Autism Acceptance Month: A Conversation with AJ Link

About AJ Link

AJ Link (he/him) is openly autistic. He received his JD from The George Washington University Law School and his LL.M in Space Law at the University of Mississippi School of Law. AJ serves as a research director for the Jus Ad Astra project, the Accessibility Team Lead for AstroAccess, the Space Law and Policy Chair for Black in Astro, and a cofounder of the Palestine Space Institute. He is the founding president of the National Disabled Law Students Association and the National Disabled Legal Professionals Association. AJ also works as a policy analyst for the Autistic Self Advocacy Network and is a fellow at For All Moonkind’s Ethics Institute. 

AJ shared with us what autism acceptance means to him and how he built a career around neurodiversity and disability advocacy. Read some of the highlights from the conversation below.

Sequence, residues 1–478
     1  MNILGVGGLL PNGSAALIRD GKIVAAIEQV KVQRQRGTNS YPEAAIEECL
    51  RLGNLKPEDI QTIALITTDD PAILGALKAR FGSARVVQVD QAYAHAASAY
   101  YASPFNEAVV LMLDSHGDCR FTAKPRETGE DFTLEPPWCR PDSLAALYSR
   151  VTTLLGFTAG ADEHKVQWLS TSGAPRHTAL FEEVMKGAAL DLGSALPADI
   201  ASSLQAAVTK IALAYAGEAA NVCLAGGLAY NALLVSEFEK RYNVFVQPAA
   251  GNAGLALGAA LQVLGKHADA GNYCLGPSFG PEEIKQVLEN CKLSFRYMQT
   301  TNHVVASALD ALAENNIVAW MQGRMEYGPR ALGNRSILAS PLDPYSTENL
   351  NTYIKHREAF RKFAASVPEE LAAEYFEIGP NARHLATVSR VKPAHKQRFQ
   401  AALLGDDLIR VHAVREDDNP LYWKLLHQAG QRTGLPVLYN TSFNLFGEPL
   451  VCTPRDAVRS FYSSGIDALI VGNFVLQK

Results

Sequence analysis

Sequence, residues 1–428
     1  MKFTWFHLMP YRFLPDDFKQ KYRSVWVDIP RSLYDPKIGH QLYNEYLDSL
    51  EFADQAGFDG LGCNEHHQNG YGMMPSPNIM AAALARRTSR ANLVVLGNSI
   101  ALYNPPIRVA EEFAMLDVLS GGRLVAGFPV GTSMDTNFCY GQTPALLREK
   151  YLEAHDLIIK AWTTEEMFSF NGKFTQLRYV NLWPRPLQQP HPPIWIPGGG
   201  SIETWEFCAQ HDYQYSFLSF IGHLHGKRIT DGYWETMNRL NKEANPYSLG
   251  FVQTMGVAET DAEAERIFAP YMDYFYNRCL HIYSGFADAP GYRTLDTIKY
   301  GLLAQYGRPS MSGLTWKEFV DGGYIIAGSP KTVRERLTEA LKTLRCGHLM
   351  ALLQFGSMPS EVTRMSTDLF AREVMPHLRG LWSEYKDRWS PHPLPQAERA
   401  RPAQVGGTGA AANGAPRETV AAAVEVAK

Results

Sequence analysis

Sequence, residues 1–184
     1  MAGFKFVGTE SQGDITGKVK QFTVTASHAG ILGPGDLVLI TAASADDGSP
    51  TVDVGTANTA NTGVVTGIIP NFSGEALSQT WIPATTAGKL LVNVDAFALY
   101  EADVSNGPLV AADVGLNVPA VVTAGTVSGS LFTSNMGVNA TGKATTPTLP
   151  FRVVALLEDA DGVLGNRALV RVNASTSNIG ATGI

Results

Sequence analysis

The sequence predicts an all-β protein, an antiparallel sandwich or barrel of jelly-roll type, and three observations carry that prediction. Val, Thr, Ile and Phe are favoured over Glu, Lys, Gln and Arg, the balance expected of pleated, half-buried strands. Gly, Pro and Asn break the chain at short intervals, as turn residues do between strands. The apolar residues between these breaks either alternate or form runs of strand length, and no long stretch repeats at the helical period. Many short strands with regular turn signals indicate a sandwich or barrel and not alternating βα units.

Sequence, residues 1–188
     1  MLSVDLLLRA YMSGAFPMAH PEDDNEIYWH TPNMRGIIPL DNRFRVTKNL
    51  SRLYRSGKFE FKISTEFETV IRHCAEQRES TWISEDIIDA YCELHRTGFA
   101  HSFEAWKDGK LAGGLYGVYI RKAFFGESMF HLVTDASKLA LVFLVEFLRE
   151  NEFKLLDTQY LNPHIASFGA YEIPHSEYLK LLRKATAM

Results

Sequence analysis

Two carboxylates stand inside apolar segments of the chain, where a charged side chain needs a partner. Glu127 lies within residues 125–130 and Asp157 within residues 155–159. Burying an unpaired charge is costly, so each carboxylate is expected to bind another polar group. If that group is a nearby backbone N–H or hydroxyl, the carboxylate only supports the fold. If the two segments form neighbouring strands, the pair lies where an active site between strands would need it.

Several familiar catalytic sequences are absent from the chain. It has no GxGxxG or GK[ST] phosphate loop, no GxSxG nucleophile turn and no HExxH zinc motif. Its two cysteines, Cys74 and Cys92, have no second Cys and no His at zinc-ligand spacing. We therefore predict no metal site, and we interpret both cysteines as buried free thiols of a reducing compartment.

Interview with AJ Link

BF: This year, BroadFutures is highlighting different voices for change within the neurodiverse community. Our focus for April is Autism Acceptance and learning more from self advocates like yourself. Can you talk more about what Autism Acceptance means to you and what this has looked like in your life? 

AL: I think Autism Acceptance is going beyond mere acknowledgement and awareness and moving towards building a more inclusive and accessible world for autistic people, and really all people with intellectual and developmental disabilities, and all neurodivergent folks. 

So, the acceptance part comes in making sure that people aren’t too judgmental when they meet individuals who think differently than them or process things differently. It’s about being really open-minded about the different ways that brains can exist. 

BF: What was your pathway to finding a sense of belonging within the autistic community?